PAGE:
Laasya Narasimhachari explored the myriad emotions of Ashtanayika at the Pallava Art Festival
Pallava Art festival, an annual dance event hosted by Indu and Nideesh under their banner Indisha Trust, featured many young and experienced dancers. The final performance in this series, was a Kuchipudi recital by Laasya Narasimhachari.
She chose compositions from the Kuchipudi repertoire of her parents and gurus, Vasanthalakshmi and Narasimhachari. The performance began with a piece addressed to goddess Bala Tripurasundari of Kuchipudi village, the poorvarangam ‘Jayamu Sri Bala Tripurasundariki’ was a song in raga Hamsadhwani and Kamboji.
A ragamalika padam on Ashtanayika was interesting as it focused on a woman’s journey through love and longing. Written by Premendra, music composed and choreographed by Narasimhachari and Vasanthalakshmi, this padam gave ample scope for the dancer to explore her abhinaya skills.
Myriad emotions of a nayika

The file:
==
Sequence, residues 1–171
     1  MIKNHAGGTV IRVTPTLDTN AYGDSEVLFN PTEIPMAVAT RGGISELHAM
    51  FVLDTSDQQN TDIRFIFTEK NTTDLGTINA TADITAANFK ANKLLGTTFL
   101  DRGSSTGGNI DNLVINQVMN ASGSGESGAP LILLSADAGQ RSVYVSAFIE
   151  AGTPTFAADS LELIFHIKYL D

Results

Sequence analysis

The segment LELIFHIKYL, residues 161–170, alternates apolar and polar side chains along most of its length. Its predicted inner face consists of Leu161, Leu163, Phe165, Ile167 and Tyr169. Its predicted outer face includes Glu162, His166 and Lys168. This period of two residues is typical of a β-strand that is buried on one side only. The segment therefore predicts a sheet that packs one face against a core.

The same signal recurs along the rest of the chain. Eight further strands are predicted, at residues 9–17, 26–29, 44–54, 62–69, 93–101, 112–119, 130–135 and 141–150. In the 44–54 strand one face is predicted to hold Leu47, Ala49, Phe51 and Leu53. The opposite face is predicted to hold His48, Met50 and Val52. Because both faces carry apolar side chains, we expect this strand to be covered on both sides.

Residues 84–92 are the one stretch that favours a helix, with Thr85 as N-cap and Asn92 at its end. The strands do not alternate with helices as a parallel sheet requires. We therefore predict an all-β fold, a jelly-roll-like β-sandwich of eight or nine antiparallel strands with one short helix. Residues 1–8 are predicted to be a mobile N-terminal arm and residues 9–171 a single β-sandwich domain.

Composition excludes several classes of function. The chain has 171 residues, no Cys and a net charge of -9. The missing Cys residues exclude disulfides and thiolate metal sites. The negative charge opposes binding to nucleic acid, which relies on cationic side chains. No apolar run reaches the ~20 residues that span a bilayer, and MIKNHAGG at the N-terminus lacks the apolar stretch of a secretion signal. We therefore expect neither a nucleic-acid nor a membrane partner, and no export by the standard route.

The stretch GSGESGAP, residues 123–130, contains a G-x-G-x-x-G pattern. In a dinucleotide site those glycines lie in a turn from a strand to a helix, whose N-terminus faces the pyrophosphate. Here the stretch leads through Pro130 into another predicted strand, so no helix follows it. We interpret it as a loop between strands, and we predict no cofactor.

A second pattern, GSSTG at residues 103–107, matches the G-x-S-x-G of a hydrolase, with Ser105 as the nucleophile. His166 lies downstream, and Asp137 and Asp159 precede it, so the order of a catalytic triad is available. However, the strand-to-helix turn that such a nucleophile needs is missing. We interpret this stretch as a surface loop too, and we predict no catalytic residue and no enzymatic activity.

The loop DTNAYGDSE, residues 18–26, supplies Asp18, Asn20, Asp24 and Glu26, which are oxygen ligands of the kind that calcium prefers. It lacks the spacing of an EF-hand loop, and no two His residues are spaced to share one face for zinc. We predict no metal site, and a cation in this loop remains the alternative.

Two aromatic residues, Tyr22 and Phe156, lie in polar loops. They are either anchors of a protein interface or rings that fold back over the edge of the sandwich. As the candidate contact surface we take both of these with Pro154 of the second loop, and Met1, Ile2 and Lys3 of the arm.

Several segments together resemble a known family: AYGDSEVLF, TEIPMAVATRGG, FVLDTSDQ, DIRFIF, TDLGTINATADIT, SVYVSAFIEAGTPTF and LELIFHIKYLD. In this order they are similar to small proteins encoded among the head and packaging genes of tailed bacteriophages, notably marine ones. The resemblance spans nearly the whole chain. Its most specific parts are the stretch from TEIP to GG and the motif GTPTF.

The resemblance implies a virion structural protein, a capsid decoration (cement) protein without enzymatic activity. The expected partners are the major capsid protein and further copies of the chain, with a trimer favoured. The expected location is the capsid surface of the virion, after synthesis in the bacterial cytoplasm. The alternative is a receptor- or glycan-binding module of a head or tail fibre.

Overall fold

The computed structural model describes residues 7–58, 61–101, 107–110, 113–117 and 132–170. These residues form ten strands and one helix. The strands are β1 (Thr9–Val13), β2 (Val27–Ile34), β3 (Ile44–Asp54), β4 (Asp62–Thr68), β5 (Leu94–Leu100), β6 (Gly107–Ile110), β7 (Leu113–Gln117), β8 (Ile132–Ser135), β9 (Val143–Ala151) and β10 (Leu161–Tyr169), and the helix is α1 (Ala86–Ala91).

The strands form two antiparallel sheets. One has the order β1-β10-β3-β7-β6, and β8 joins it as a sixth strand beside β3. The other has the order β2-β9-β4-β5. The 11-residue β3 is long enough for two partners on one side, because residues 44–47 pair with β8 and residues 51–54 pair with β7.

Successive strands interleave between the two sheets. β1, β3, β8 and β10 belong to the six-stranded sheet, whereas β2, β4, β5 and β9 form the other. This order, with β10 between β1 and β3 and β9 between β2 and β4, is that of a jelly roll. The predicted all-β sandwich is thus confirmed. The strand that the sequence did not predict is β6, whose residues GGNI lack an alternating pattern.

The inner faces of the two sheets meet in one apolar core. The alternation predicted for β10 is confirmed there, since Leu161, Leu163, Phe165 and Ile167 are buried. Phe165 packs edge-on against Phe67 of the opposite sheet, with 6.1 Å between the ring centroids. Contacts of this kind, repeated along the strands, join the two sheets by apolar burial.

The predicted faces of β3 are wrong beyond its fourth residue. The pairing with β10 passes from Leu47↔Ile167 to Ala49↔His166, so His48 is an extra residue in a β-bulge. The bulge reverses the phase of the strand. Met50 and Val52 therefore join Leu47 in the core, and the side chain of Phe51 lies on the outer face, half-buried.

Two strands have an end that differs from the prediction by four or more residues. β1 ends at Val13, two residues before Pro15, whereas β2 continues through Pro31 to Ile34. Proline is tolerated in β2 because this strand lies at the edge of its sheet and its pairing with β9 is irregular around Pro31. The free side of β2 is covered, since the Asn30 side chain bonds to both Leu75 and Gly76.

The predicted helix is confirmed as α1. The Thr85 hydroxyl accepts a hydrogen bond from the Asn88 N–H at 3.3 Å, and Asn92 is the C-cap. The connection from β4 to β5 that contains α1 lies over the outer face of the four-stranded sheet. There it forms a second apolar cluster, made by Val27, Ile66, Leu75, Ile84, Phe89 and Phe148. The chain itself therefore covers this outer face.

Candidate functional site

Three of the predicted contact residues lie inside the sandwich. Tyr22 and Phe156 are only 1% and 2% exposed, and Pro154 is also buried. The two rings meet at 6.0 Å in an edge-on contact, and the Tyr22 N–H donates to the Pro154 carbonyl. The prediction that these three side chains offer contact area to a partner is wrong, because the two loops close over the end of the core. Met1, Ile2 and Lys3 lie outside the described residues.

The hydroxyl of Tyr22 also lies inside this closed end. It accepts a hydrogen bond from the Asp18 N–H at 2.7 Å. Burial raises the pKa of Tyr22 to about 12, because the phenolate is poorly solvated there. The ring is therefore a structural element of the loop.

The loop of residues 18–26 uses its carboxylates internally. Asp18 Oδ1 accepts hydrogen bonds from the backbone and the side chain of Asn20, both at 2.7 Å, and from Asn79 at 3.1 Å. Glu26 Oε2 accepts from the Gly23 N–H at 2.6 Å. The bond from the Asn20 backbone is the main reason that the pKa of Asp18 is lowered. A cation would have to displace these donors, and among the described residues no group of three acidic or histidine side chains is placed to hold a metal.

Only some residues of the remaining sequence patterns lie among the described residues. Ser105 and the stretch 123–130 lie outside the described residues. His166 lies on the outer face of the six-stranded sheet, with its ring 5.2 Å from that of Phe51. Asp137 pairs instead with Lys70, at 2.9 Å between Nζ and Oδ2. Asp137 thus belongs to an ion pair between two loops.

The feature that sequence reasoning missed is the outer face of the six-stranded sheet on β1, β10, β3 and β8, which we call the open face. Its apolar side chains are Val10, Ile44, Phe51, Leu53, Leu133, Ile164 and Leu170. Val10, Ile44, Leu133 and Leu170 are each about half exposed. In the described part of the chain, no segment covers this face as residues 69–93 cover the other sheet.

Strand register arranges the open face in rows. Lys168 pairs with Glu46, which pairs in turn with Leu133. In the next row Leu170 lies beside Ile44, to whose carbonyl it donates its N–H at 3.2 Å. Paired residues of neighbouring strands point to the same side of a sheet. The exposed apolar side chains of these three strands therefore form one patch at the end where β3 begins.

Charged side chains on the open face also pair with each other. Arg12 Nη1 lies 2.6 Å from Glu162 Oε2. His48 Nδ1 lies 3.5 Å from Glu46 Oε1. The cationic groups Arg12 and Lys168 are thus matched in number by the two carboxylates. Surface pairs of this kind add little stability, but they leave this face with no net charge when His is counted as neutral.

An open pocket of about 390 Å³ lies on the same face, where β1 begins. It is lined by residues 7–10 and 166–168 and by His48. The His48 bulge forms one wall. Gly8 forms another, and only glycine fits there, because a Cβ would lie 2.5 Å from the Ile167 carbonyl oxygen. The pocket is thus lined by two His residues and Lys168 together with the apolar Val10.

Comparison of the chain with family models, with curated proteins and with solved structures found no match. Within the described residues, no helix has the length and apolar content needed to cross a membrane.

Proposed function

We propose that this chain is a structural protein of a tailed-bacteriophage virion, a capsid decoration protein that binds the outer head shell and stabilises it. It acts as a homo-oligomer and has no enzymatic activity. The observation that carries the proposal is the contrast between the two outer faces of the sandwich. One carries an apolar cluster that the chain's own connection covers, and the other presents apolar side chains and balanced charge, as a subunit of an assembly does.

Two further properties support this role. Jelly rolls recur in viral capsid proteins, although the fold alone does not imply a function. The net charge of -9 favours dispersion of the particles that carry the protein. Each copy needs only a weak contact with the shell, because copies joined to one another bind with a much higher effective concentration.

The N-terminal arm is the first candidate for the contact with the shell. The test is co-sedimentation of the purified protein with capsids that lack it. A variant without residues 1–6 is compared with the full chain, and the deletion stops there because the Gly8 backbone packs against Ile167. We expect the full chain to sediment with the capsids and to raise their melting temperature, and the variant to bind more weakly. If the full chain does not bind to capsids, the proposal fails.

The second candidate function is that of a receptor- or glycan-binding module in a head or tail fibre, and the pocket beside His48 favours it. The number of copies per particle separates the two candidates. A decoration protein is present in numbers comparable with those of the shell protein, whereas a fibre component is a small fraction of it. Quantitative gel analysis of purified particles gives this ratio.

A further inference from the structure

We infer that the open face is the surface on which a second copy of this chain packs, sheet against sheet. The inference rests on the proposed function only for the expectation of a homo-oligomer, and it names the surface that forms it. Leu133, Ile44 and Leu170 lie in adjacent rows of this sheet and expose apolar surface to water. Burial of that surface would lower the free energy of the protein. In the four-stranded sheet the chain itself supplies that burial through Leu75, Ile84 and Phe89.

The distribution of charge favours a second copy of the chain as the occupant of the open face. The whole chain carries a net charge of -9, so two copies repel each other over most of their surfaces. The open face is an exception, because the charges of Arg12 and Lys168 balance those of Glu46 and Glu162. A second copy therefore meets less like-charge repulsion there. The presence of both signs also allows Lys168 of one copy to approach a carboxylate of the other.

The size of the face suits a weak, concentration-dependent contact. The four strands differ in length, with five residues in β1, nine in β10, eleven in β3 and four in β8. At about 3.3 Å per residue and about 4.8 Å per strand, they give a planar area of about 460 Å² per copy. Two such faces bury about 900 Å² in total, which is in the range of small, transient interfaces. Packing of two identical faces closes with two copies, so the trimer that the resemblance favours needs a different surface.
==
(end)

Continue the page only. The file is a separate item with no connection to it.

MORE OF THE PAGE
As the audience got drawn into the melody of raga Kalyani played on the veena by Bhavani Prasad, the dancer came under the spotlight to introduce each of the eight nayikas and their moods through simple stances and sculpturesque poses. She later explored with conviction the myriad shades of the nayika’s emotions as she caresses a lotus in bloom, delicately picks the flower that falls on her shoulder, slams the door in anger, and then runs to open it to see her lover walking away.
‘Paravasa padam ee natya kalaiye’ highlighting 11 aspects of dance as mentioned in Natya Shastra was like a crash course on the art form. Based on a 10-minute composition, conceived many years ago by the Narasimhacharis to help young students understand Bharatanatyam, it has been expanded and adapted to Kuchipudi, with Vasanthalakshmi writing the lyrics in Telugu. This song captured the grammar of dance in a visually appealing manner. Rasa, bhava, vritti, pravritti, swara, gana and ranga, and other such technicalities have been incorporated aesthetically to sustain interest.
Nattuvangam was by Vasanthalakshmi. The orchestral team comprising S. Veeraraghavan (vocals), Guru Bharadwaj (mridangam), Bhavani Prasad (veena) and Sruti Sagar (flute) kept the momentum high with their support.
The Chennai-based writer reviews classical dance.